Pee a little when you run?

May 30, 2017

Peeing a little when you run is a very common symptom. While the severity can range for an annoying, possibly embarrassing, inconvenience to a huge obstacle in participating in your favourite sport. As a Naturopathic Doctor I care about health promotion and am invested in the quality of your health. For me, running is a wonderful tool for a health promotion and disease prevention and when I hear clients are “peeing a little” I get concerned. Not only because I want you to be happy, healthy and running freely but mostly because “peeing a little” is a sign of pelvic instability, putting you at increased risk for other injuries.

Supporting our pelvic floor and internal organs isn’t something we tend to think about…until things go wrong.  New moms, post surgical patients and those suffering from constipation are just a few who may be suffering more than others.  During delivery, the muscles of the pelvic floor are stretched and can be weakened.   Possible bruising, tearing and residual pain can contribute to incontinence and as well as prolapsed organs. The chronic downward pressure from years of constipation can also wreak havoc on this region.  What does that mean?  You might pee a little when you run!

Medications and surgical procedures are available for over active or weak bladders but are generally reserved for more severe cases and do not often fully address your risk of injury or love of running.  There is often a huge gap in prescribing therapy and without the right medical advice, we might feel we are left to accept the fact that we have to manage peeing and running, and for me this is unacceptable.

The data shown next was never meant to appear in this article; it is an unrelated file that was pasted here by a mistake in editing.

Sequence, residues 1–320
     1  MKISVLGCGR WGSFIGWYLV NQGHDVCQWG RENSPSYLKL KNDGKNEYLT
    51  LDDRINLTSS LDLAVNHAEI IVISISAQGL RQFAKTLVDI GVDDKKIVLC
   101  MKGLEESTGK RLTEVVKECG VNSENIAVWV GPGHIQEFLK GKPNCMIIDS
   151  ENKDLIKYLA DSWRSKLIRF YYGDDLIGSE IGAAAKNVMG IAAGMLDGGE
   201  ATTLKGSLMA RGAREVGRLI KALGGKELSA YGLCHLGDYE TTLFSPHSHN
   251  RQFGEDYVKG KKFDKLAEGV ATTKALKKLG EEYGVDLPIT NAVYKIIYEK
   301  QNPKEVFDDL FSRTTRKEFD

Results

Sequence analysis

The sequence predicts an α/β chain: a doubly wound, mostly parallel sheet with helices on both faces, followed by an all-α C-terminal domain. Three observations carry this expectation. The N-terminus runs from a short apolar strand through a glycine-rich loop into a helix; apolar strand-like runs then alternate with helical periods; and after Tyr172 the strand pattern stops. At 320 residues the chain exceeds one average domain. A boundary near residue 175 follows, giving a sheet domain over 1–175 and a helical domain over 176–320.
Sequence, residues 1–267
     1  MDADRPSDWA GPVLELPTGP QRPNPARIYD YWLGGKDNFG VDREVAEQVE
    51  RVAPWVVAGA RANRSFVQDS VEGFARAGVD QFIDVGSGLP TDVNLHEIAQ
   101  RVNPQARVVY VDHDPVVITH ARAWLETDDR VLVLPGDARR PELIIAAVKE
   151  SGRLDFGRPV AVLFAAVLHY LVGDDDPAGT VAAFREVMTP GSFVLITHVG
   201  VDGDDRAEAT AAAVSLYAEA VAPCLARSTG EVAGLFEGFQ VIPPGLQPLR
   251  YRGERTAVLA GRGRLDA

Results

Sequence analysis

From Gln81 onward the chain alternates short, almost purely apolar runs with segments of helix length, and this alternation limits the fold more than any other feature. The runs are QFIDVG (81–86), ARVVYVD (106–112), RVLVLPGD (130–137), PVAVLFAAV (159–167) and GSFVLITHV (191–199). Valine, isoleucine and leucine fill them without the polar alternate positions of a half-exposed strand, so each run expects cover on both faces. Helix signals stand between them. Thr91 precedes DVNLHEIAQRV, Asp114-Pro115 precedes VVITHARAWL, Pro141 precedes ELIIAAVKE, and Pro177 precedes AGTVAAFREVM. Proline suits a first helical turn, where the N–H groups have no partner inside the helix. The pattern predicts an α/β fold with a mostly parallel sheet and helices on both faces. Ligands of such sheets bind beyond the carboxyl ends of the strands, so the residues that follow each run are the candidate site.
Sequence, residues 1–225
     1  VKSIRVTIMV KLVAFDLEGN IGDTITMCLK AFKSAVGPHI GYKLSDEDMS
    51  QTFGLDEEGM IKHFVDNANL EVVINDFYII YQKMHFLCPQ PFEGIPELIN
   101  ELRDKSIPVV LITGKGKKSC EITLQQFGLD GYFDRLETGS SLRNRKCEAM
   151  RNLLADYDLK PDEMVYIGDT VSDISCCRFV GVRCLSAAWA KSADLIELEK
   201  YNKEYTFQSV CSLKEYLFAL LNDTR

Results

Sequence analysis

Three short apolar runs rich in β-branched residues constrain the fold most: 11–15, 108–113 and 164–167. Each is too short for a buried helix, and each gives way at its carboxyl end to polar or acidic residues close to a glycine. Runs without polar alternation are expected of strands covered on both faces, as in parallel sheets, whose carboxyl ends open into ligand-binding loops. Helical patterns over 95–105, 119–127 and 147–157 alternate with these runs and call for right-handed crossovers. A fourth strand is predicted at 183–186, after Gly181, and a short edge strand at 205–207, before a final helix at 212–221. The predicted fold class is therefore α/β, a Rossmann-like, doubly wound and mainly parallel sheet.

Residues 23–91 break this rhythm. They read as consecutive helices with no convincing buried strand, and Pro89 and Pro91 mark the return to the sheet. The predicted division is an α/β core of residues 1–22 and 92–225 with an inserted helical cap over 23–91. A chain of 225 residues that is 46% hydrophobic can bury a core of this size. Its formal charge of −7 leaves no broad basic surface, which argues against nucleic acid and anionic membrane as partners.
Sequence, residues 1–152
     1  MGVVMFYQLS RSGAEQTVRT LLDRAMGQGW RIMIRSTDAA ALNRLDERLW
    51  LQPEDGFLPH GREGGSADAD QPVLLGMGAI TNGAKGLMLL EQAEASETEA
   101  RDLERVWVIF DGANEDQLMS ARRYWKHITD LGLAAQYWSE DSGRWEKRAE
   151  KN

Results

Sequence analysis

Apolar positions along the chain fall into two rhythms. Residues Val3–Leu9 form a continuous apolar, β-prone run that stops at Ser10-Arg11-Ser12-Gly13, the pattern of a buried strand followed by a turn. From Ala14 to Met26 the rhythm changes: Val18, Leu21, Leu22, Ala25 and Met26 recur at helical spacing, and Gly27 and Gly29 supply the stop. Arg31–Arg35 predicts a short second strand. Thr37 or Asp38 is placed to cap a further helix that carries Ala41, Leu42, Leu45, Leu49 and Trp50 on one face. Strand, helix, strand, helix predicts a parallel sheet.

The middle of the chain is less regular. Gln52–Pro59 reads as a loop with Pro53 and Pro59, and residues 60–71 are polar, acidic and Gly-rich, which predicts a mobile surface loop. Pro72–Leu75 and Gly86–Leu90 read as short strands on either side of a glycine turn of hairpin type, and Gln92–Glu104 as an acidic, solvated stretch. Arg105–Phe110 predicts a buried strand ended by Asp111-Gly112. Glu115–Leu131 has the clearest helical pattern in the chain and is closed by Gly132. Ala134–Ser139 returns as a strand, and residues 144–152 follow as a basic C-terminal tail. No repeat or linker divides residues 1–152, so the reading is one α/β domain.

As with any condition, it is important to understand your options and address why you may be suffering.  In regards to incontinence, your practitioner needs to know, are your muscles too weak and you need to support your pelvic floor? Or are these same muscles too tense and in a constant state of contraction?  For some, the root of their problem might stem from a mental emotional platform, or even be attributed to certain foods or bladder stimulants commonly in the environment.  A thorough diagnosis and assessment should be complete and pelvic instability should not be ignored.

Treatment options are available and we believe an integrative model provides the most comprehensive support. Your options might include pelvic physiotherapy, nutrition advice to decrease stimulation from irritation or constipation, and even acupuncture.

In fact, studies show acupuncture is a safe and effective method of reducing the amount of leakage we may experience.  Whole-body benefits are received with acupuncture in which other ailments and imbalances such as post partum depression and constipation can be addressed at the same time.  Often patients feel relaxed and refreshed post treatment.  Four or more weekly acupuncture treatments have been shown to significantly improve symptoms.

Rest assured it certainly is OK to “pee a little” but it’s not ok to settle when you have options and your future running self is at risk. Regaining bladder control is empowering and can reward us with the confidence to maintain an exercise program and active lifestyle.  Naturopathic Doctors are trained in Traditional Chinese Medicine and Acupuncture.  Making use of your extended health care insurance can help you live the life you want!

For more information on how to support your pelvic floor, sign up for this months complimentary seminar and Pelvic Floor Program!


Dr. Jennifer Tanner, has a broad, evidence based practice with a focus on sports and performance based medicine. Being a marathon runner and having been a competitive equestrian, an active lifestyle is important. Dr. Tanner uses a variety of tools including Acupuncture and Clinical Nutrition, putting an emphasis on “food as medicine” and addressing the root causes of inflammation . In conjunction with the Integrative Health team, Dr. Tanner is thrilled to help people achieve an optimal state of health and pursue their performance based health goals!

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